Gym Zlatar Bistrica / Studio NOP
Text description provided by the architects. Zlatar Bistrica is a small town located on one of the few otherwise hilly plains of Hrvatsko Zagorje in northwest Croatia. The western perimeter of the school square in Zlatar Bistrica once bordered a sports hall that had been destroyed by fire, and the new hall project inherited its former orientation as an important parameter to be incorporated into the new configuration external and internal of the building.
The hall was placed on a westerly sloping plot and configured to respond to given urban and topographical determinants. The perimeter around the hall is designed to establish a link between the school square and the lower plateau with an open courtyard and school parking for the school bus and vehicles bringing children from neighboring villages. From here starts the main pedestrian access configured as a stair and ramp system.
The interior mirrors this sloping exterior pedestrian configuration. The facade that opens onto the school square with a glazed ground floor and an entrance allows the space of the public square to enter inside, then to cascade down the staircase of the grandstand to the lower sports level, which is why the square has a clear view of what is happening in the hall and vice versa. The square and the interior of the hall complement each other and exchange views in an almost continuous and direct shift between what is happening in the hall and outside. The outer layer of the hall is made of translucent polycarbonate, which at night transforms the entire volume of the building into a lantern illuminating the school square and its surroundings.
This lantern motif points to the problem of shaping the volume of the room. The author considered several variants that would be both pragmatic and innovative in form. Much attention has been paid to the incorporation of custom prefabricated elements which have only recently been introduced into construction and tested in Croatia. Instead of using generic precast panels, the author worked with concrete precast company Beton Lučko to develop a unique type of panel with the outer and inner layers of black pigmented concrete and thermal insulation in between. .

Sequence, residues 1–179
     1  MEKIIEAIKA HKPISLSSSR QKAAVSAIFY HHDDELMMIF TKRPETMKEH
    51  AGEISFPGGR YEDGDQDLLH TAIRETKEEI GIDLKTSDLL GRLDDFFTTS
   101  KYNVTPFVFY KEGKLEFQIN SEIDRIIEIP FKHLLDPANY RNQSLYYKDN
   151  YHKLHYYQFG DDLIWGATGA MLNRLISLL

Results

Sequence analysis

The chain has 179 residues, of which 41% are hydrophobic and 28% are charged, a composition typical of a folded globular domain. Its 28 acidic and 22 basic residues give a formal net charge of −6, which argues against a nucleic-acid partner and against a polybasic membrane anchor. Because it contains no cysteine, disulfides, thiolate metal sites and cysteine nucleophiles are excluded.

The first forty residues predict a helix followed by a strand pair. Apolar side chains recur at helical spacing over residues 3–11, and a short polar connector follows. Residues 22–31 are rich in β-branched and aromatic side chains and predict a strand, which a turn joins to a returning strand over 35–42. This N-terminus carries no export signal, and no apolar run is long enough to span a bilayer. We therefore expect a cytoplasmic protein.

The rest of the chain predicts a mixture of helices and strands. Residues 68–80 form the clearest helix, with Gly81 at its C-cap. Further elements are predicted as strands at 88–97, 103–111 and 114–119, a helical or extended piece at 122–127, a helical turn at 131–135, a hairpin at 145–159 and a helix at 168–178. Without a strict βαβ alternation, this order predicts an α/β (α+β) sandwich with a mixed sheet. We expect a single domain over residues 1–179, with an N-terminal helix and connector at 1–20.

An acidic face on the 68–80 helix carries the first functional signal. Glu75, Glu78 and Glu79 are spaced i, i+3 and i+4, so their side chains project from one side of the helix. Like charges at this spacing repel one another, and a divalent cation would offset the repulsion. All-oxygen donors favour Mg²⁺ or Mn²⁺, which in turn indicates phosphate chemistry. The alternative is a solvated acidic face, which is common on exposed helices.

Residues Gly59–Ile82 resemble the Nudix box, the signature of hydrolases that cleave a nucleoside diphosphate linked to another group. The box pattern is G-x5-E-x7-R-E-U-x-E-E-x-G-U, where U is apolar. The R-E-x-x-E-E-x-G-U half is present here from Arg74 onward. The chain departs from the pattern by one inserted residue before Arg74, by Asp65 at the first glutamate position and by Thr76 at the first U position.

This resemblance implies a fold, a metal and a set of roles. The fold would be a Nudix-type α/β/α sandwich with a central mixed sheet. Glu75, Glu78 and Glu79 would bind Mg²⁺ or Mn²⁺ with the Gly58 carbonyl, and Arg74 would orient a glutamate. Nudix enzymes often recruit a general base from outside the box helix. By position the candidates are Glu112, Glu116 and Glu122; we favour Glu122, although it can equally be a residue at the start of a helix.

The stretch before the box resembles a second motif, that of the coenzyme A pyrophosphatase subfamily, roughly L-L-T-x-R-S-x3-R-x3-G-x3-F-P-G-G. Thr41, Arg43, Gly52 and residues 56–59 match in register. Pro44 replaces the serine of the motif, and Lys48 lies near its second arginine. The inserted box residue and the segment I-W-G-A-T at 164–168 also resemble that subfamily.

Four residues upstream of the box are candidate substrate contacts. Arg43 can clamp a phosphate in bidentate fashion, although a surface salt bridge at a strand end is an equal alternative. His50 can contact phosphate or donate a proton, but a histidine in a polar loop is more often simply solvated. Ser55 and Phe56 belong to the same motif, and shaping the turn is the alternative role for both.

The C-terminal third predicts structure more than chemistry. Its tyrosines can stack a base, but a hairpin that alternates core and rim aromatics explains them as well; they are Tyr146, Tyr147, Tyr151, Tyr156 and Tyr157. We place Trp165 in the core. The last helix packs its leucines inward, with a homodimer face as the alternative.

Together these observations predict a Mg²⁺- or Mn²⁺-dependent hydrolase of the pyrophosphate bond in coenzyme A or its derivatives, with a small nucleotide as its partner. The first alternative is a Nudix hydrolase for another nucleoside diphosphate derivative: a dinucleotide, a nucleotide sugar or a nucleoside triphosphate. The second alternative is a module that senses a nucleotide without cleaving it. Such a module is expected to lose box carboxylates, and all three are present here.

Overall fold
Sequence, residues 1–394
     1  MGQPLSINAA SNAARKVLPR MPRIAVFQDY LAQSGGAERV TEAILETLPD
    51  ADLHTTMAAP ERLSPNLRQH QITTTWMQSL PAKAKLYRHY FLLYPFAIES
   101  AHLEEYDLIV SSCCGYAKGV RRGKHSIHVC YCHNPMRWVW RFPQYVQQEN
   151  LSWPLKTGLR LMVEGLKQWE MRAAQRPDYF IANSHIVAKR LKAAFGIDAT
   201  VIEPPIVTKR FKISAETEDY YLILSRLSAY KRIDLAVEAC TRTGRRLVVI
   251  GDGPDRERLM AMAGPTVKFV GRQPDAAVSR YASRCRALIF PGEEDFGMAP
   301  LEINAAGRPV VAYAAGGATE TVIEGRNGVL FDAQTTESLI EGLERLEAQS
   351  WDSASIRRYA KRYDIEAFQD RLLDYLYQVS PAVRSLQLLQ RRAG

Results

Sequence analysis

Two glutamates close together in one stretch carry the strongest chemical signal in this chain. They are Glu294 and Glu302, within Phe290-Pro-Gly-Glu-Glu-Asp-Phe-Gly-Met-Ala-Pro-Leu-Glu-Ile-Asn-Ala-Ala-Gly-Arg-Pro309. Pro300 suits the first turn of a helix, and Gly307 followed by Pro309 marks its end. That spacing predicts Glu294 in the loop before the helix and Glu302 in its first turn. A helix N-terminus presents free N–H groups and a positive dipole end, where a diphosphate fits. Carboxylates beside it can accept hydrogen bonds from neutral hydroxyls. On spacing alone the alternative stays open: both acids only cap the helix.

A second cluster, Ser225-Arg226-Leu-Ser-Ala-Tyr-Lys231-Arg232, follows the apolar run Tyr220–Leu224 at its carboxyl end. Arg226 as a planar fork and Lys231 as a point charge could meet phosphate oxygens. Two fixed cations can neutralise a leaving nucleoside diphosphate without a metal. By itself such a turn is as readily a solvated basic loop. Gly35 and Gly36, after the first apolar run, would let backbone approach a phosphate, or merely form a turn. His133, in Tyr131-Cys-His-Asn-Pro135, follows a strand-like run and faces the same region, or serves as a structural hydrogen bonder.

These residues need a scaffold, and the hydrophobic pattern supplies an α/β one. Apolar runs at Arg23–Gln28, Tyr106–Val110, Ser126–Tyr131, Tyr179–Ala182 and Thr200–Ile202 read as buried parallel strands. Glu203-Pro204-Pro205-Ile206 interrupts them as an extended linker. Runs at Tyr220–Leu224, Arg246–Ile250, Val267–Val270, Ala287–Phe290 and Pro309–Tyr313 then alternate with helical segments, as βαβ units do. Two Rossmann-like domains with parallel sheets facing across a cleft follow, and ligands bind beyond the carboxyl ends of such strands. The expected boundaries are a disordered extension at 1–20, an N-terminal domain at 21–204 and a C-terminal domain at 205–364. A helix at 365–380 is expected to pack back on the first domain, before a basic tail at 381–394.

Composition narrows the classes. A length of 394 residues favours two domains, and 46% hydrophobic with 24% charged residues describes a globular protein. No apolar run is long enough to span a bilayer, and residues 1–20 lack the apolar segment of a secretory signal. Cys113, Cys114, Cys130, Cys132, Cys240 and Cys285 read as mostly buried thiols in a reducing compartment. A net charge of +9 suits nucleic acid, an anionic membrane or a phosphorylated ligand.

Although their section is standard, their design required research into production technology. The way the panels are mounted is also innovative. The author decided to abandon a conventional design with a completely walled lower part and light openings in the upper part and replace it with horizontal panels placed at an angle to the vertical like shutters to let in diffuse light. . The panels are mounted on a steel structure attached to precast concrete pillars, and their lower, gaping end is closed with polycarbonate. The lowest row of panels opens at the widest angle from the vertical, which gradually decreases with each new row upwards.
Such a configuration provides enough diffused light inside, avoids glare and provides better protection against the sun and western heat in the hot season. The exterior, in turn, has a dynamic and rhythmic texture thanks to the angled panels. These panels are made of a diabase of dolomitic aggregates of an original green hue mixed with a black pigment added in production, which is why smooth “black” concrete is never entirely black.
Additional tints and uniform colors are obtained with different inclinations of the rows of panels because they reflect the color of the sky differently. At average overcast noon, these hues and colors range from leaden gray to dull dark green, while during a clear sunset, the colors can even become warm. At night, the west facade is distinguished by horizontal strips of light emitted from the interior onto the sidewalk along the sports field.
The panels on the gable walls are not as polished as the west facade and give a greenish texture of the aggregate diabase referencing the greenstone slates from the nearby mountain of Medvednica, which was once a popular local building material, now completely exhausted. The matte color palette is complemented by black iron plates and sheets from which the fences and protective window panels are made. The interior space and surfaces, including the ceiling, are configured to reflect the precise geometry of the load-bearing precast elements.
The vertical and horizontal load-bearing beams are made of precast concrete, also in black. They carry the grid structure of the roof made up of glued laminated wood supports, whose light material contrasts with the heavy concrete frame. Along the western roof, the area extends light domes that provide additional natural lighting. The author paid much attention to the modular configuration of the building and the infrastructure elements, having carefully integrated the artificial lighting and the elements of air conditioning and ventilation into the geometry of the whole.